Dr. Wei Gong received his Bachelor and Ph.D. degrees in hydraulic engineering from the Department of Hydraulic Engineering at Tsinghua University and is currently a lecturer in the Faculty of Geographical Science at Beijing Normal University. His main research interest is on the development of uncertainty quantification methods and their applications to large-scale hydrological and climatic modeling. Dr. Gong has developed a series of optimization methods specifically suited for large complex geophysical models. He is a key contributor to the Adaptive Surrogate Modeling-based Optimization (ASMO) method, and is the developer for the Multi-Objective ASMO (MO-ASMO) method and the ASMO Parameter Optimization and Distribution Estimation (ASMO-PODE) method. Those meta-model based methods have been demonstrated to be as effective as, but significantly more efficient than currently available conventional optimization methods such as NSGA-II and MCMC-Metropolis methods, as they can dramatically reduce the computational demand as required by large complex models such as distributed hydrological models, land surface models, numerical weather prediction models and Earth system models. Dr. Gong has so far published 29 peer reviewed papers and received 740 citations. He won the 2018 Best Paper Award from the Journal of Environmental Informatics for his work on the Intercomparison study of Design-of-Experiment (DoE) methods for large geophysical modeling applications.
"Surrogate Modeling-based Optimization Methods for Large Complex Dynamical Geoscience Models"
Dynamical geoscience models, including but not limited to hydrology and land surface models, atmospheric models, ocean models and Earth system models, are plagued by various uncertainties arising from the chaotic nature of the underlying dynamic system, the observational error, and a lack of knowledge about the physical/chemical/biological processes and their complex interactions. One key source of uncertainties comes from the empirical parameterization schemes used to describe the processes occurring at sub-grid scale, such as surface and subsurface hydrological processes, and the physical processes related to turbulent exchange between land surface and atmosphere, clouds and convection. Those parameterization schemes contain a large number of empirical parameters (i.e., constants and exponents in model equations) that must be tuned to make sure that model simulations are consistent with the corresponding observational data. This tuning process can be a time-consuming process and an extremely difficult challenge to model users.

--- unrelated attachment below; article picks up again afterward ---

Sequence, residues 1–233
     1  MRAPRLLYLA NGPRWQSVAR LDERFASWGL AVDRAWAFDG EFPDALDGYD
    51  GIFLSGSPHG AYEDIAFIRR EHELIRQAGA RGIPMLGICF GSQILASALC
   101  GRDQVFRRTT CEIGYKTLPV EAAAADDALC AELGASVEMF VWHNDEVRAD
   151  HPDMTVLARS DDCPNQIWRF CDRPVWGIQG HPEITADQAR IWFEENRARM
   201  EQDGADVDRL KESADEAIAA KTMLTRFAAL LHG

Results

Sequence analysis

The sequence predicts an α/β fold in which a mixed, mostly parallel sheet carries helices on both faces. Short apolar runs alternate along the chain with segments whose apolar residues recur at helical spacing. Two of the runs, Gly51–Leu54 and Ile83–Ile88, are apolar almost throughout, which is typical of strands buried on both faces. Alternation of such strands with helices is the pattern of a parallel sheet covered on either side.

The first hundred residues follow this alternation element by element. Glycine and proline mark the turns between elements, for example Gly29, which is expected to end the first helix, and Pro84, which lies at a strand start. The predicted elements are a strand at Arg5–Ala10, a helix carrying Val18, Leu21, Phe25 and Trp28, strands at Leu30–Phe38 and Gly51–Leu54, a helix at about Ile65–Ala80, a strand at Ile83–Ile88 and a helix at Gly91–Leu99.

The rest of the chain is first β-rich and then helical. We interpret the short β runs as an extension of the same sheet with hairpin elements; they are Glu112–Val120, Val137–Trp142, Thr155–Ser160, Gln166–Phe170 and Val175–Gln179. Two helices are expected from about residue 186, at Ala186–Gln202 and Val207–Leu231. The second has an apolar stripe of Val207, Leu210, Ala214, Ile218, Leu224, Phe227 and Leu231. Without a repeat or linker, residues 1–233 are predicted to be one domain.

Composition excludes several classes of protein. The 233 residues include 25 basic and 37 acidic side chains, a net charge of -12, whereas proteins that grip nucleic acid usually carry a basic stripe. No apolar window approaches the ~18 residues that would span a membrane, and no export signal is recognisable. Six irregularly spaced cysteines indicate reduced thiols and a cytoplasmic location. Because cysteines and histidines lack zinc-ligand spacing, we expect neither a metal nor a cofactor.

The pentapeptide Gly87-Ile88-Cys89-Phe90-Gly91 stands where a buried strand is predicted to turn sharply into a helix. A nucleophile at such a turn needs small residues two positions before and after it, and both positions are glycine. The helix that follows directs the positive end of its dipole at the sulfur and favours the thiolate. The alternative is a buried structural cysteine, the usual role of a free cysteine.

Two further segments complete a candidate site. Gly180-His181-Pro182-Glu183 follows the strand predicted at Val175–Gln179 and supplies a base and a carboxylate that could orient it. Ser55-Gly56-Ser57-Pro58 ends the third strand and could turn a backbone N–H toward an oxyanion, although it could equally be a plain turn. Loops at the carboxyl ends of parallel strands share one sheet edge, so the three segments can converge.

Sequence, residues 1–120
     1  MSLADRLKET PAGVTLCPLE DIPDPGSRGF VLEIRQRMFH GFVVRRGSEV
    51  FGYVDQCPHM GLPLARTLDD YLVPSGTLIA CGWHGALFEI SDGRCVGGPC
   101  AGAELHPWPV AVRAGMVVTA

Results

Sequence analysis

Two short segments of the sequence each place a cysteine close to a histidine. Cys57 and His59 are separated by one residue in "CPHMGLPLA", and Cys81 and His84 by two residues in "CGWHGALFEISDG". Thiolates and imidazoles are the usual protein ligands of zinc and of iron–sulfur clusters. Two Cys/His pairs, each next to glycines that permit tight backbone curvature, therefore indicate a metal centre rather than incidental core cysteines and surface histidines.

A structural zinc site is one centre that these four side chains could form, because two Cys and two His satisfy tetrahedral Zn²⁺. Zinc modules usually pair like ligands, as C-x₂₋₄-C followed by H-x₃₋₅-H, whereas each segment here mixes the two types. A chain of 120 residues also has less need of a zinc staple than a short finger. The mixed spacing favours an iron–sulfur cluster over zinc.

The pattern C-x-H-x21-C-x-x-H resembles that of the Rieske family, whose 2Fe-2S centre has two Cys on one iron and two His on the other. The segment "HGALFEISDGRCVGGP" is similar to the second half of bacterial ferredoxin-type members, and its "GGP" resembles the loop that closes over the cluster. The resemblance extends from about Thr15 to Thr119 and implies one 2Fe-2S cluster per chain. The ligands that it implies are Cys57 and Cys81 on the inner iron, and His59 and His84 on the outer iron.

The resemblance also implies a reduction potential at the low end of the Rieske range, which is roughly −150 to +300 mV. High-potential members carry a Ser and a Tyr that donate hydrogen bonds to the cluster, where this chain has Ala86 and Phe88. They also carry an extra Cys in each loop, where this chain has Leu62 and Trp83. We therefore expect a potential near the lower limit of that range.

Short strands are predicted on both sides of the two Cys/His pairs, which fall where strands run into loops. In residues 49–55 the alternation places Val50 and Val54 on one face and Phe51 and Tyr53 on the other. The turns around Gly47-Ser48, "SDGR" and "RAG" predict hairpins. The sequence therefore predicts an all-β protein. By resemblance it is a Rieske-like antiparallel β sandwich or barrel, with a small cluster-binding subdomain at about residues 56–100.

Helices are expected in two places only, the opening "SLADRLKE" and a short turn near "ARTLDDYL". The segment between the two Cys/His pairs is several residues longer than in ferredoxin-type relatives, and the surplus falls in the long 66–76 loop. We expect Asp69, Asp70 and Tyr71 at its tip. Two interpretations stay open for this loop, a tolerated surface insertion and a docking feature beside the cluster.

Here we present a framework specifically designed to automatically optimize the parameters and to quantify the associated parametric uncertainty of large complex geoscience models. Our framework consists of three major steps: (1) uniform sampling of parameter space, (2) parameter screening based on global sensitivity analysis, and (3) surrogate modeling-based optimization and uncertainty quantification of model parameters. We have integrated within our framework many widely used methods to perform parameter sampling and to conduct sensitivity analysis. We have also implemented numerous machine learning methods to build a series of surrogate model-based optimization methods, including: (1) the single objective optimization method ASMO (Adaptive Surrogate Modeling-based Optimization); (2) the multi-objective optimization method MO-ASMO (Multi-Objective Adaptive Surrogate Modeling-based Optimization); and (3) the parameter optimization and probability distribution estimation method ASMO-PODE (Adaptive Surrogate Modeling-based Optimization - Parameter Optimization and Distribution Estimation). In this talk, we briefly introduce the framework first. We then present several examples to demonstrate the advantages of our methods as compared to currently used popular optimization methods such as SCE-UA, NSGA-II and MCMC-Metropolis methods. A variety of geoscience models, from a simple hydrological model (e.g., SAC-SMA), to more complex land surface models (e.g., CoLM, CLM and Noah-MP), and finally to a computationally demanding numerical weather prediction model (e.g., WRF) and an Earth system model of intermediate complexity (e.g., LOVECLIM), were used to illustrate the effectiveness and efficiency of our framework.